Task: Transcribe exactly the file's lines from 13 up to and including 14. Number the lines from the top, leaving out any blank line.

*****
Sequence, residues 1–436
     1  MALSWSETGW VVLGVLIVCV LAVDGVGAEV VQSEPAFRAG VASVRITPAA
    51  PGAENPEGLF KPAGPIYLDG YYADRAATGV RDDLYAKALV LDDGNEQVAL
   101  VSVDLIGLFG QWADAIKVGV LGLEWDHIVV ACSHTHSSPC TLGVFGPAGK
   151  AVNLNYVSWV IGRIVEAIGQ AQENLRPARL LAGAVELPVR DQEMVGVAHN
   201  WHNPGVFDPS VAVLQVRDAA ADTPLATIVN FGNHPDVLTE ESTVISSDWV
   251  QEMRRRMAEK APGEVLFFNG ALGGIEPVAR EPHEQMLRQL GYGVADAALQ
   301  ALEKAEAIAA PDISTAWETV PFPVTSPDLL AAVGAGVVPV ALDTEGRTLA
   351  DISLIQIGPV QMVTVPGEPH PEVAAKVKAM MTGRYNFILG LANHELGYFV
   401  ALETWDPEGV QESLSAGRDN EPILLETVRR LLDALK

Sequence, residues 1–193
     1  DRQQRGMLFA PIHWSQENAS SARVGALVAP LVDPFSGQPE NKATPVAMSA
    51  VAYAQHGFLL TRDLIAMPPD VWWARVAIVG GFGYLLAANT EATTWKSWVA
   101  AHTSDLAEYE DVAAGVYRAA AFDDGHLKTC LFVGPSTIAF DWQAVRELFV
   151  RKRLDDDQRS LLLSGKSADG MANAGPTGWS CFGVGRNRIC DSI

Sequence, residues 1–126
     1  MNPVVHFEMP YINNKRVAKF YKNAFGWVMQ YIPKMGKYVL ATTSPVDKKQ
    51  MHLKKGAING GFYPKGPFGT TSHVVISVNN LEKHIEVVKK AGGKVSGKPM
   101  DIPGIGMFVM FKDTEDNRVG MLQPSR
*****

    51  VAYAQHGFLL TRDLIAMPPD VWWARVAIVG GFGYLLAANT EATTWKSWVA
   101  AHTSDLAEYE DVAAGVYRAA AFDDGHLKTC LFVGPSTIAF DWQAVRELFV